# IQ scales – how do they work? (Part I)

Intelligence Quotient (IQ) scales have changed over time. When IQ tests were invented by Frenchman Alfred Binet in the late 1800s. IQ scores at that time were based on the very simple concept of Mental Age (MA) and Calendar Age (CA). In fact, the origin of the term Intelligence Quotient lies in the calculation of the intelligence score which was calculated as someone’s Mental Age divided by that person’s Calendar Age. Expressed mathematically, we get the following quotient:

IQ = (MA / CA) x 100

The multiplication of the score by 100 would help facilitate the interpretation of the IQ scale in that the score is an integer rather than being a fraction. But let me park this point for a few moments.

What can be clearly seen from this IQ equation is that if MA = CA, then the IQ score will be 1 x 100 = 100. If MA on the other hand exceeds the denominator of the equation, the IQ score will exceed 100, while if the MA is lower than the CA, then that person’s IQ score will be less than 100. It’s as simple as that.

So what does this mean in plain English? This means that under the old method of calculating IQ, a person with a Mental Age is excess of his years, will have an IQ which is greater than 100. If on the other hand, that person’s Mental Age is less than that person’s Calendar Age, than this person will have an IQ of less than 100. And yes, you’ve guessed it, if CA and MA are equal, than this person will have an IQ of 100. Binet’s equation was beautifully simple, and establish someone’s Calendar Age is simple enough (you establish their birthday and then you can calculate age!), but how does one go about establishing what a person’s MA should be?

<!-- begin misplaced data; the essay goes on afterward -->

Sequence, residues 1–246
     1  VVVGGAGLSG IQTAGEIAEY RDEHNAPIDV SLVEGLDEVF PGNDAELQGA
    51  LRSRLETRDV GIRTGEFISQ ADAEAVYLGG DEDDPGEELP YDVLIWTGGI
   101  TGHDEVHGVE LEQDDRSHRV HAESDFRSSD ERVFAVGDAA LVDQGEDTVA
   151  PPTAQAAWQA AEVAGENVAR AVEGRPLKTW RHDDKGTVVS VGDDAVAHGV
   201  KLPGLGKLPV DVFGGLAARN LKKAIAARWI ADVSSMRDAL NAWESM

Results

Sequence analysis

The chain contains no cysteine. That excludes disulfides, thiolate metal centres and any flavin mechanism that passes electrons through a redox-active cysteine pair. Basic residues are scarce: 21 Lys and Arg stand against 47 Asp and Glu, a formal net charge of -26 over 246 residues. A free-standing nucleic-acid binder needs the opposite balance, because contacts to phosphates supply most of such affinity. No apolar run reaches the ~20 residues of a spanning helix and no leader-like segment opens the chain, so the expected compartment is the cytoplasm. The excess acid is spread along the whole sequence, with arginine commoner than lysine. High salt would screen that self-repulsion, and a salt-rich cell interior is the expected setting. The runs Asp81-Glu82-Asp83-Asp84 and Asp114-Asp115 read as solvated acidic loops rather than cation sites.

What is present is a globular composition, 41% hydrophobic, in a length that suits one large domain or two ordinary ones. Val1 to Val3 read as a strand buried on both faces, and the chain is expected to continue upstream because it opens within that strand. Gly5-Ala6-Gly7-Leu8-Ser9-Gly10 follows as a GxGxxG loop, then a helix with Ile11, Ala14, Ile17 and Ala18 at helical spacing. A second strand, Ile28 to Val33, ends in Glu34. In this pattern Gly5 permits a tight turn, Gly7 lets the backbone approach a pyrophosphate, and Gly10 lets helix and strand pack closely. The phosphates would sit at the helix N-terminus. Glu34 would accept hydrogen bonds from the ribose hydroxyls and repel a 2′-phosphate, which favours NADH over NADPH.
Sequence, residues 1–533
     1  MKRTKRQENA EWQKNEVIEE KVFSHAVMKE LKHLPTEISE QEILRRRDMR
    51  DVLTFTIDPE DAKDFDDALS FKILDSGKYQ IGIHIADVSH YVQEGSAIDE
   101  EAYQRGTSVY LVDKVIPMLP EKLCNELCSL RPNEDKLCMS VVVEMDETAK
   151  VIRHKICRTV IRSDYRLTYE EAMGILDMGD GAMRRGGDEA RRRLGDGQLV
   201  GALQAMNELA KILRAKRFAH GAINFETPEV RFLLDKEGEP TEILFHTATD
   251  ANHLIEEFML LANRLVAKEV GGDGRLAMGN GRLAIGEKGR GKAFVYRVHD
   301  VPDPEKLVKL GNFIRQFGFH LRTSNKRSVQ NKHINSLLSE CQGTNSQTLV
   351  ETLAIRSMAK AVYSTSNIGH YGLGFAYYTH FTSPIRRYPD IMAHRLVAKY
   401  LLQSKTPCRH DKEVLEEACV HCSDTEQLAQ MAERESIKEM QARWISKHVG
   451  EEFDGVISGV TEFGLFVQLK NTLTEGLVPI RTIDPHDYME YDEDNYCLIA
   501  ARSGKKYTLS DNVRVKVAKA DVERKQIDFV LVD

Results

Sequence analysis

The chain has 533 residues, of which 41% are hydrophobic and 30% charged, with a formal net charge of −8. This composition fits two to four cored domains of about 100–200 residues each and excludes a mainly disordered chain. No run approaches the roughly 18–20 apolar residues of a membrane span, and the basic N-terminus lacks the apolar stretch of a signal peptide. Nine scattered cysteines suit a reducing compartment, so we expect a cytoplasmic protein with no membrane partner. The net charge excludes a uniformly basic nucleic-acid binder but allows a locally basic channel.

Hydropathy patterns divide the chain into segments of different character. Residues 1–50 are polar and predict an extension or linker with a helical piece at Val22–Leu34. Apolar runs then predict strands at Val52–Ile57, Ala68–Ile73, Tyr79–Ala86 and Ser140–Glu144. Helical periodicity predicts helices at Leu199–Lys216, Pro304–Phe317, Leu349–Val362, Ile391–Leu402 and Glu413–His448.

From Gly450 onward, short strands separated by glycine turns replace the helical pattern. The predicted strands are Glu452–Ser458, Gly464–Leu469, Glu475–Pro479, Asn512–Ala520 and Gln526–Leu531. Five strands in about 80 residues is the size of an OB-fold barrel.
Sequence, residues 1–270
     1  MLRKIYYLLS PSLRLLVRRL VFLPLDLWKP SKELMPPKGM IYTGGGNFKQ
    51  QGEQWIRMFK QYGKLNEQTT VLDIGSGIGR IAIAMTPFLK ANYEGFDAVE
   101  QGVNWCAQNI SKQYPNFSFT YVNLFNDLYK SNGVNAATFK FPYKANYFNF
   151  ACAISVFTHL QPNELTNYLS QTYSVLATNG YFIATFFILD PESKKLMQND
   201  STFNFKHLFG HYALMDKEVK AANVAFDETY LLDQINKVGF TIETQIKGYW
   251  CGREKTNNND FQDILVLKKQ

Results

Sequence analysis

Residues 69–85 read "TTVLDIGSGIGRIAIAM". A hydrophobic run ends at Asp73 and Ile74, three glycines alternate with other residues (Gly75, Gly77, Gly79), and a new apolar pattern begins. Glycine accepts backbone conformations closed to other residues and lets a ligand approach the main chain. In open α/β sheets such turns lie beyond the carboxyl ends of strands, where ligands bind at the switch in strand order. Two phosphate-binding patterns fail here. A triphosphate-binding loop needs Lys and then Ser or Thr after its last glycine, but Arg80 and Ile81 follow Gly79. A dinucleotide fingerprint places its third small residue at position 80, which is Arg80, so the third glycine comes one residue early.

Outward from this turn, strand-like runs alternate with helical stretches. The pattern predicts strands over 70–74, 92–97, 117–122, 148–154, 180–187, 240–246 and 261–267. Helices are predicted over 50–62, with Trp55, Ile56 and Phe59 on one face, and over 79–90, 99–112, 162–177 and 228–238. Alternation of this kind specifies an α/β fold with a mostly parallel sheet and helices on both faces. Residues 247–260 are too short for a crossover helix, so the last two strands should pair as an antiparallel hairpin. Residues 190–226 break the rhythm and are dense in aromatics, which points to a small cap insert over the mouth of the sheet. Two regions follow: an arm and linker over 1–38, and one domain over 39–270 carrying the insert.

### IQ scales – it first started with establishing an MA scale

This is where the concept of IQ scales come in. More specifically, Binet had to establish an MA scale for each population of children of a certain age. That is, in establishing an IQ scale, Binet first had to determine how each age group would perform on specific mental tasks that were believed to be relevant to the idea of cognitive function. So Binet would have needed to establish a series of tasks and would have needed to see how ‘far’ children of a given age would have gotten on these tasks, and made a determination as to what the average expectation was for each age group.

I will leave you to digest the points that I have made so far: (1) Binet invented the IQ test in the late 1800s; (2) he proposed a beautifully simplistic formula cor calculating IQ = MA / CA x100; (3) establishing CA is simple, but MA requires having a scale for each age group. This involved testing a large sample of children of particular age groups to establish what the average performance at every age should be. In my next posting, I will explain why although beautifully simplistic, this Intelligence Quotient method would end up breaking down and would be superseded by standard scores. In the meantime, you can try our IQ test here.